In a past life, someone told me Richard Branson once remarked in the early days of Virgin Atlantic, “We’re in the entertainment business, but at 35,000 feet”. I can’t now find that remark attributed to Branson on any of the quotation web-sites. However, it came back to me over this weekend as I read and watched the news reports concerning the unending, torrid situation at British Airways.
What entertainment are they now in? Farce, I suggest.
It is a long, long way since the glory days of Lord King and Colin Marshall when BA claimed to be the “world’s favourite airline” – watch the famous 1989 advert at https://www.youtube.com/watch?v=jxs106rp5RQ
What’s gone wrong this weekend? How effectively has BA handled this scorching hot potato?
News reports indicate IT has been outsourced to India costing many hundreds of UK jobs. With the IT platformed in India there was a power supply problem and back-up didn’t kick in. Various “talking heads” on news bulletins have questioned why resilience wasn’t fully tested and, indeed, why the back-up wasn’t itself backed-up. There are many articles about the reliability of power supply in India, for instance http://economictimes.indiatimes.com/indias-looming-power-crisis/articleshow/51051903.cms.
There seems some justification in the criticisms about BA not making sure things carried on working when the power went off. There was one delicious moment on one of the news bulletins when a previous Communications Director of Virgin Atlantic expressed his thoughts. I thought he controlled his facial expressions very well; gloating was well concealed.
I’d love to see the business case for this initiative. The transition will cost £X, it will save us £Y each year. We’ll achieve an internal rate of return of Z%. It’s a no-brainer! Instead, BA face hard compensation costs of £150m at the top-end of predictions. As for the unquantified cost of brand damage, then how many people are like the woman interviewed at one check-in desk, “We’ve been very loyal to BA for a long time. Not any more, however”.
Another critical aspect of the crisis is that BA lost access to its customer data, which a recent leader article in The Economist suggests is now the most important asset any company possesses, see http://www.economist.com/news/leaders/21721656-worlds-most-valuable-resource-no-longer-oil-data-data-economy-demands-new?frsc=dg%7Cd. So, the power goes off in India, but whether in Seattle, London or Sydney, BA should still have been able to see its data as, too, should customers in this self-service, on-line age.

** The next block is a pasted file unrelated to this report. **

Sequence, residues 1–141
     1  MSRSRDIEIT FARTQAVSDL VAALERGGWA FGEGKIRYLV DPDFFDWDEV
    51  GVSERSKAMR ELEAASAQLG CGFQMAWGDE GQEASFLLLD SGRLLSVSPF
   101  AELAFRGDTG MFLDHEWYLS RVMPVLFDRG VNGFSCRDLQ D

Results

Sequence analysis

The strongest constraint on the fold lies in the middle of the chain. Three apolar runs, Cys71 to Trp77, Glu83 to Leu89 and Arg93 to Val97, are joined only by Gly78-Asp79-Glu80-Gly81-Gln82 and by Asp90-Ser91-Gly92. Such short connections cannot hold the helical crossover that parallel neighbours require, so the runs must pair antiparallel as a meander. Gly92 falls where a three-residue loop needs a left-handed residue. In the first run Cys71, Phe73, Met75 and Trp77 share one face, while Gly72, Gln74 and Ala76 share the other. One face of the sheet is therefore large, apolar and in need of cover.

The remarks of Edward Lucas, who normally writes for The Economist, but on Monday, May 29th authored The Thunderer column in The Times says far more eloquently than I can manage about the ineptitude of BA’s CEO, Alex Cruz, see http://thetimes.co.uk/article/caed580a-43cc-11e7-8996-351d013cd942 . The comparison to Lloyd Bridges’ character in the movie Airplane is superb.
On the “hi-viz” jacket video, how long did it take Cruz to utter the word “sorry”? Surely, that should have been the first word out of his mouth plus re-assurance that no-one would be out of pocket for the inconvenience and stress they have been caused. I’d have offered to pay for all flights and offer another one free; I reckon that would have worked out cheaper in the long-run. (Consider the famous tale of Johnson and Johnson’s service recovery actions in the 1980s, see http://www.nytimes.com/1986/07/05/business/johnson-johnson-s-recovery.html.)
Reports today, Tuesday, indicate BA has profiteered from forcing passengers to pay to upgrade in order to get a seat on an alternative flight as well as seeing customers charged 55p a minute to call the customer help line from a mobile. Additionally, Cruz has past history at a Spanish low-cost airline Vueling of lousy service. What was the interview process that determined Cruz as best candidate for the £830k pa job or did Willie Walsh simply hire in his own likeness as a cost-cutter rather than a service differentiator?
Staff loyalty let alone customer loyalty
Reports on Monday indicate Cruz issued an in-house e-mail telling people to show-up or shut-up. In his email, Cruz talks about “loving BA”, but is that love of the same complexion as that which runs through the DNA of South West Airlines; it started its life flying out of Love airfield near Dallas, Texas.
I wonder how many BA staff are now contacting Norwegian and asking about jobs on that new airline which, by the account of a good friend of mine whose daughter has recently started working for them, is offering a terrific experience that is very clearly explained. You know what you’re getting. Lucas’s closing sentence is a hammer blow given his reputation.
Is there a silver lining in this huge black cloud for BA? Only that it is not alone in the airline industry in delivering poor service. Over in the US, United and Delta have both been hauled over the hot coals of social media condemnation.
Now, one Branson quote I can find is this one, “A complaint is a chance to turn a customer into a lifelong friend. I say that seriously, not as some press release baloney.” I sense that BA has bought itself one very large slice of baloney. As The Times headlines one article today, “BA has two weeks to save itself”, which reminds me of the line from the theme song to another movie, Flash Gordon, sung by Queen, “Flash, Flash, I love you, but we only have fourteen hours to save the Earth!”
PS: if any of The Times articles won’t open because of being behind the Murdoch paywall let me know, please.